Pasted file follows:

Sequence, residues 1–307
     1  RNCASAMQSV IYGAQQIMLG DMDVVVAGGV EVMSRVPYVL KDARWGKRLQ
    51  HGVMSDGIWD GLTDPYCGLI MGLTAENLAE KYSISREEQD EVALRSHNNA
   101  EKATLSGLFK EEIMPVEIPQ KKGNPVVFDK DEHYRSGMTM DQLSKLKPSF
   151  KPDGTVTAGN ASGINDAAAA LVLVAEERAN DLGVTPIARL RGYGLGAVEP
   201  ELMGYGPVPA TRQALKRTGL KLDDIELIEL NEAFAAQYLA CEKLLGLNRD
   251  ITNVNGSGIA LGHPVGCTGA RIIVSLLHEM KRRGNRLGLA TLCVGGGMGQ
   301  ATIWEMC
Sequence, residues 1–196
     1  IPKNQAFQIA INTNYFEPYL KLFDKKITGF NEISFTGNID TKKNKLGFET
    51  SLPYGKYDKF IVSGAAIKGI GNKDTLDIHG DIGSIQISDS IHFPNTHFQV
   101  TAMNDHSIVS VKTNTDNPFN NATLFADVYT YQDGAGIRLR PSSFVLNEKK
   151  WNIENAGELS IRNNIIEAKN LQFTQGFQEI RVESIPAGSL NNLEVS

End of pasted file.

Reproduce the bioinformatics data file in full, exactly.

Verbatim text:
Sequence, residues 1–307
     1  RNCASAMQSV IYGAQQIMLG DMDVVVAGGV EVMSRVPYVL KDARWGKRLQ
    51  HGVMSDGIWD GLTDPYCGLI MGLTAENLAE KYSISREEQD EVALRSHNNA
   101  EKATLSGLFK EEIMPVEIPQ KKGNPVVFDK DEHYRSGMTM DQLSKLKPSF
   151  KPDGTVTAGN ASGINDAAAA LVLVAEERAN DLGVTPIARL RGYGLGAVEP
   201  ELMGYGPVPA TRQALKRTGL KLDDIELIEL NEAFAAQYLA CEKLLGLNRD
   251  ITNVNGSGIA LGHPVGCTGA RIIVSLLHEM KRRGNRLGLA TLCVGGGMGQ
   301  ATIWEMC
Sequence, residues 1–196
     1  IPKNQAFQIA INTNYFEPYL KLFDKKITGF NEISFTGNID TKKNKLGFET
    51  SLPYGKYDKF IVSGAAIKGI GNKDTLDIHG DIGSIQISDS IHFPNTHFQV
   101  TAMNDHSIVS VKTNTDNPFN NATLFADVYT YQDGAGIRLR PSSFVLNEKK
   151  WNIENAGELS IRNNIIEAKN LQFTQGFQEI RVESIPAGSL NNLEVS